“Sirs, what must I do to be saved?” Acts 16:30
Do – “The ordinary believer is not necessarily someone who has made a major decision, but rather someone who continues the tradition of his ancestors, perhaps by merely drifting or wandering about. . . . The moral argument against such a person is that he ought to be conscious of those of his actions and considerations that are of great importance for his life. Drift may be considered an extenuating circumstance in the case of great error, but it does not exonerate the person from blame.” Reminds me of Eric. (It’s worth listening to the whole thing )
Notice the cry of the jailer. “What must I do?” This is a defining moment in his life. He must take action. He must change course. The past no longer matters. The traditions of his predecessors are useless. Now, at this moment, he must know the truth!
Ti me dei poiein says the jailer. Notice that he does not ask what he must believe. He focuses his attention on action. The two crucial Greek words, dei and poieo, carry the message, “I must take action, but I don’t know what action to take.” In this moment of crisis, everything he once assumed to be true about his life and his way of living has been called into question. There is no way back. What he requires is the proper steps forward.
Because Paul answers “Believe on the Lord Jesus Christ” in our translations, we automatically shift the message from action to thought. We interpret Paul as if he were providing a “salvation message” about changing one’s mind. Our view of “believe” has been altered to fit the predominate rational model of religion, so we naturally assume that Paul is asking the jailer to acknowledge some truth about Jesus. But “believe on” in Paul’s world has very little to do with a shift in thinking. Paul uses these Greek words as if they were the equivalent of the Hebrew ‘aman (e.g. Genesis 15:6). The principle meaning of ‘aman is not what I think. It is what I stand on. ‘aman is a word about foundations; what is reliable, what is firm, what is trustworthy. To believe on Yeshua HaMashiach is to adopt His words and His actions as the foundation of my words and my actions. It is to copy Him as a reliable and trustworthy guide for living. I may have to change my thinking in the process, but I will certainly have to change my doing. This is a moment when drift no longer governs my behavior. I decide to change the bedrock of my life, and that implies a major shift in behavior.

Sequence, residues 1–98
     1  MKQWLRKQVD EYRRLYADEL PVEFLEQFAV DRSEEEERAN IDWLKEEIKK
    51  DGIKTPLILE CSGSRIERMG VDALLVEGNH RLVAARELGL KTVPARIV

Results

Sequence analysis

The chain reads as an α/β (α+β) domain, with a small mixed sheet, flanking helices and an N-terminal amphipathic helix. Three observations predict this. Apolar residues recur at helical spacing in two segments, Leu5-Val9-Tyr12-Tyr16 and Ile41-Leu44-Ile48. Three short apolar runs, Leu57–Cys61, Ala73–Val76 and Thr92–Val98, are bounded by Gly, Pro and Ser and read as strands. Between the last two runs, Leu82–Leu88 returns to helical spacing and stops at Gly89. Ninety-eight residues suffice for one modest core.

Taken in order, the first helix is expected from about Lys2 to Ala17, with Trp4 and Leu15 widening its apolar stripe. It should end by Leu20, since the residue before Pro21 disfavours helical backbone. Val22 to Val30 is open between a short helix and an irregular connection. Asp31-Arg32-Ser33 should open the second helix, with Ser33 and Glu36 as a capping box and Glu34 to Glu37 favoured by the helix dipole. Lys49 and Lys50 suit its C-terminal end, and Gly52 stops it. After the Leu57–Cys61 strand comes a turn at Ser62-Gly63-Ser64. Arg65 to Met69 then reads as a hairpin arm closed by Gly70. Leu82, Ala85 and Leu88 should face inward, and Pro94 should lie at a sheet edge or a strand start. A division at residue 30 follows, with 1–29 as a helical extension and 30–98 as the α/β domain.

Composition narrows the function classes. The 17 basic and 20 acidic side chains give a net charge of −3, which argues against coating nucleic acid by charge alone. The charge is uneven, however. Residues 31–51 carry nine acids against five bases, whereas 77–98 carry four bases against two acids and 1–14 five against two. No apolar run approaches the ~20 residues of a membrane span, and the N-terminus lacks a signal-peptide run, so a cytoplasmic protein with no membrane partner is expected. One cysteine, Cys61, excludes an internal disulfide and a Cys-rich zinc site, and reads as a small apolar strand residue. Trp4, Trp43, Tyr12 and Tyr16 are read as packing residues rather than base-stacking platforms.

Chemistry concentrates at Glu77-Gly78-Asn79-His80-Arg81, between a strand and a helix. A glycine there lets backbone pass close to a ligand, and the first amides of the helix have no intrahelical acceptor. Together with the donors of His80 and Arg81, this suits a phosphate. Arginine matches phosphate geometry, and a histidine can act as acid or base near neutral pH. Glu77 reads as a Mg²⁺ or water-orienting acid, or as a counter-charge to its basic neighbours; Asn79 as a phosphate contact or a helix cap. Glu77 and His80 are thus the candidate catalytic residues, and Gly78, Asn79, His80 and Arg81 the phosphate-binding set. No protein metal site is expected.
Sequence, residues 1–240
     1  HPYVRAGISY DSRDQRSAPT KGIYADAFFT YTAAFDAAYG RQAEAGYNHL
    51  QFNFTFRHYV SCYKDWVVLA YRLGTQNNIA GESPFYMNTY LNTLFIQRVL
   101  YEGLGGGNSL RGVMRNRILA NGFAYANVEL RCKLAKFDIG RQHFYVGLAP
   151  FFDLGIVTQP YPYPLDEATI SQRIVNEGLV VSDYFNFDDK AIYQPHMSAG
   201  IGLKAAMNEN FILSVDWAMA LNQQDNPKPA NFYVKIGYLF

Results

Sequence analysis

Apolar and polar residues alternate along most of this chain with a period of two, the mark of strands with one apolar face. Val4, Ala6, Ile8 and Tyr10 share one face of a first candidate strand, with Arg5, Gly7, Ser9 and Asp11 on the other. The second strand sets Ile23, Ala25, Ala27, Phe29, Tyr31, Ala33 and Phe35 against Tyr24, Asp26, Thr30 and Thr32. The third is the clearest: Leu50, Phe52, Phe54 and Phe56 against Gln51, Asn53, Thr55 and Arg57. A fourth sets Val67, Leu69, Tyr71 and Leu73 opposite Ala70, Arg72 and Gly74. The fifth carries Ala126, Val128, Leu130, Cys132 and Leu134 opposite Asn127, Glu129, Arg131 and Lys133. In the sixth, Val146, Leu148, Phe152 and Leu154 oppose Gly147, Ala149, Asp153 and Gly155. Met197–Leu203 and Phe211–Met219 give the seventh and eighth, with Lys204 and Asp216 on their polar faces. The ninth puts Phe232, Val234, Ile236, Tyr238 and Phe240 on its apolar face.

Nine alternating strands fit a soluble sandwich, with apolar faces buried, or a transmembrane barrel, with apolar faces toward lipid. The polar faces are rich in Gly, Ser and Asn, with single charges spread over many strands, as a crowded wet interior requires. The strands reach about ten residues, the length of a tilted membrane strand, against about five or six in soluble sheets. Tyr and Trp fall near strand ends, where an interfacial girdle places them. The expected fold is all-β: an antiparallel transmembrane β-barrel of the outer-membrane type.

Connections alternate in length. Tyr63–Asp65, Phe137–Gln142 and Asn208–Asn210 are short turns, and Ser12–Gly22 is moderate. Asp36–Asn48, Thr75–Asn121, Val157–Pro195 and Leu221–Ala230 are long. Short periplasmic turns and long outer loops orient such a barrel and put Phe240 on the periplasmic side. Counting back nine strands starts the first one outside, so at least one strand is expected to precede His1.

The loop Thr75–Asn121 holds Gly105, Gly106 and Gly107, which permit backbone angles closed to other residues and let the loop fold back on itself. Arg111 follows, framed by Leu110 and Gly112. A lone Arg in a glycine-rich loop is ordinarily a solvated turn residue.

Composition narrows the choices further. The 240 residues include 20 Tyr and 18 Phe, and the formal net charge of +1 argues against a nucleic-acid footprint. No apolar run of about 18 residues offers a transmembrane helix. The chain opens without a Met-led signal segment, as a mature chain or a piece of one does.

Since contemporary evangelical religion emphasizes this moment of decision, many believers can point to a change-of-direction conversion experience. But that isn’t what Paul means either. To shift the bedrock of my life is to shift everything about how I subsequently behave. I move house! I don’t simply decide to move house and then stay where I am while I make plans to someday change locations or wait for the moving van to arrive. The jailer knew that his way of life had to change. He could no longer drift. He needed a new course, and he needed it now.
To drift is to put more importance on the beliefs of our heritage than on the truth. To drift is to stop asking, “What must I do?”
Topical Index: What must I do?, dei, poieo, believe, Acts 16:30
 Halbertal and Margalit, Idolatry, pp. 169-170.